Worldwide, app downloads are up… and so is spending. A new study from SensorTower shows people are still downloading new apps, and they’re paying more for those apps and various in-app purchases.
In the year-over-year (YoY) view, worldwide downloads are up 10.9 percent. Google Play commands the lion’s share of downloads; it’s up 14.3 percent versus last year, to 19.5 billion first-time downloads. Apple’s App Store is up 3.1 percent to 7.6 billion. SensorTower credits the disparity to emerging low-cost Android devices in developing nations.
Spending mirrors the upward download trend. The App Store raked $12 billion in Q3 2018, almost twice as much as Google Play’s $6.2 billion. The two app download portals were up 23.3 and 21.5 percent, respectively.
Apple’s app portal also outpaced Google’s in gaming, at least in terms of revenue. Google Play brought in $5.3 billion on 7.2 billion downloads, while the App Store earned $8.5 billion on 2.3 billion downloads.
Our chart above tells the tale. The first three columns are revenue breakdowns, while the last three show downloads. When it comes to making money, iOS is far and away the best option. Across the board, iOS users are more willing to spend for apps or in-app goodies. While SensorTower didn’t say as much, we’d conclude the subscription monetization model Apple is pushing so hard figures into all this, as well.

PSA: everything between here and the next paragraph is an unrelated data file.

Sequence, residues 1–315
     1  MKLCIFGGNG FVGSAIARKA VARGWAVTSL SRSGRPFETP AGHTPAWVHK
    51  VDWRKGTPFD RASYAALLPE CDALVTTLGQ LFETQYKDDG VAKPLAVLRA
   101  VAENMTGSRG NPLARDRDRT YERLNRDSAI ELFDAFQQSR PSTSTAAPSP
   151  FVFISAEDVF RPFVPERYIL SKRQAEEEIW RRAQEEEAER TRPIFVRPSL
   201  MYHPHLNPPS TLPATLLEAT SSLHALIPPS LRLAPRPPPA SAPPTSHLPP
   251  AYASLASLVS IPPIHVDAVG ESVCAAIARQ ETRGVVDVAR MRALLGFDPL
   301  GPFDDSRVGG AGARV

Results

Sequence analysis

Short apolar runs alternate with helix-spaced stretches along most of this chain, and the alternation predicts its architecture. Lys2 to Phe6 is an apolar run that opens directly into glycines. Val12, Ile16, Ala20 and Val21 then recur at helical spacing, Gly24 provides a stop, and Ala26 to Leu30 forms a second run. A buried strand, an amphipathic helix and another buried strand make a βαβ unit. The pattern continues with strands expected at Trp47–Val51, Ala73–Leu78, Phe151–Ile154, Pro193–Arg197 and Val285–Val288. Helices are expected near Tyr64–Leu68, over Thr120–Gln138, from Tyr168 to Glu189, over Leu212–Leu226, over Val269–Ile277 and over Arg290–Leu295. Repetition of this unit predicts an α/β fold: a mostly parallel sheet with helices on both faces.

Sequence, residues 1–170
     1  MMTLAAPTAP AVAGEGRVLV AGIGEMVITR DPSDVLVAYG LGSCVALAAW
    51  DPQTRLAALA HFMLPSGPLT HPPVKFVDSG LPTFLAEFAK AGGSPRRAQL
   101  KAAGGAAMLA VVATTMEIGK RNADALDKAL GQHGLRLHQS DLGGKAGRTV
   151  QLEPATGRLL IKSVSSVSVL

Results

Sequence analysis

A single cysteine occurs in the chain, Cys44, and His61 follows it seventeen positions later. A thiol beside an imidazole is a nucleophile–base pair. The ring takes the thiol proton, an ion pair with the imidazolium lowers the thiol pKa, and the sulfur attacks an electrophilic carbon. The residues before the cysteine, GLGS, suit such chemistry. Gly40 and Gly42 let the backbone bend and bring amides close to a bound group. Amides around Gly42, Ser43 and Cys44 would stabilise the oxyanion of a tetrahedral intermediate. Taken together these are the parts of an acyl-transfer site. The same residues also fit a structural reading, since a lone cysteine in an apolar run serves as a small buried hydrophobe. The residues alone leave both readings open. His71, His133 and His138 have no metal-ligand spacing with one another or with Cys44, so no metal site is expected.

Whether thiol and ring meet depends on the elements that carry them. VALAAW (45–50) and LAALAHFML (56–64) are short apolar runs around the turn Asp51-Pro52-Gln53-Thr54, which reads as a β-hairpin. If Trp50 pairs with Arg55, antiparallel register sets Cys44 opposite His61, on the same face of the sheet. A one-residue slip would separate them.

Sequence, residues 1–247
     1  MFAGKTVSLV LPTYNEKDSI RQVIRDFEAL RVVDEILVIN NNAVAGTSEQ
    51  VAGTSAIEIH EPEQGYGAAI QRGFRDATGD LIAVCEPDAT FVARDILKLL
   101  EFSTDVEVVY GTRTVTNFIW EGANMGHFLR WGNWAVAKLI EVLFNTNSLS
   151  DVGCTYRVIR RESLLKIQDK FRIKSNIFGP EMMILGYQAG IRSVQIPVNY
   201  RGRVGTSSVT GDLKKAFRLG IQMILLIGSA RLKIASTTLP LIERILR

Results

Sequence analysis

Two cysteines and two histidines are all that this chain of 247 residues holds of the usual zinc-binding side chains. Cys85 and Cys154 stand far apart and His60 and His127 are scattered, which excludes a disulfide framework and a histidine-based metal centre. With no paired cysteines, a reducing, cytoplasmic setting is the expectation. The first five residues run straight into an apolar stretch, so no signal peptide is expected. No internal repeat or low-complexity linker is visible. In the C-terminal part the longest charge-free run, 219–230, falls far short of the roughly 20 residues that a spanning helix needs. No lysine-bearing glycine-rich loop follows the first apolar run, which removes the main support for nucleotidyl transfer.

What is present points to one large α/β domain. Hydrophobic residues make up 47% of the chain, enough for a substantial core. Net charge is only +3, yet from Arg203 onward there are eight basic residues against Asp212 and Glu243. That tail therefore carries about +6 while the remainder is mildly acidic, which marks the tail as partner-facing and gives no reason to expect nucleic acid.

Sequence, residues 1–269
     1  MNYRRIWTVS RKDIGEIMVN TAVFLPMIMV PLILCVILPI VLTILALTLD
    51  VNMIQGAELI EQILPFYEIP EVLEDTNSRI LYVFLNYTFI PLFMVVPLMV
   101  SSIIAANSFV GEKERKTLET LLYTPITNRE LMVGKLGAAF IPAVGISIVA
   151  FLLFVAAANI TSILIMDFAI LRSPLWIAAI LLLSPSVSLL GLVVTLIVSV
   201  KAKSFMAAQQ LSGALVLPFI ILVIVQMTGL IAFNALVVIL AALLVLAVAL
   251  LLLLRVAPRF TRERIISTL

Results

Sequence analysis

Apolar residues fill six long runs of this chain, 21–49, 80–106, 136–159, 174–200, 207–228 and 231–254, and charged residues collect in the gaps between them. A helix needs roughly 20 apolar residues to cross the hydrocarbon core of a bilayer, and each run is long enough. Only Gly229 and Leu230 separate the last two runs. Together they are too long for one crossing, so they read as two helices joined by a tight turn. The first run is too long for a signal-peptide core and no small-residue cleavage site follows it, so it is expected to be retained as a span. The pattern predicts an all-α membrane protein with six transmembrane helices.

Where we find the greatest interest in this disparity is games. Mobile games drive the app economy in a big way, but the spend-to-download ratio is almost 4:1 on iOS, and roughly 2:3 on Android. Juggernauts such as Fortnite (which is free to download, but costs money for in-game upgrades) definitely drive these numbers, but the findings are still indicative of motive and willingness to spend (versus just download for free).
Across the board, spending on iOS is almost double that of Android: $20.5 billion to $11.5 billion. Downloads favor Android almost 3:1. While the old mantra of ‘Android users don’t pay for apps’ may come to mind, take into account that this is a worldwide audience, many of whom are getting their first smartphone – which just so happens to be Android. In many worldwide markets, iOS simply isn’t available, in part because there’s less expendable cash sloshing around.
Platform disparity aside, the app economy is still growing, and quite healthy. That’s the upside, and the main takeaway we should all be celebrating.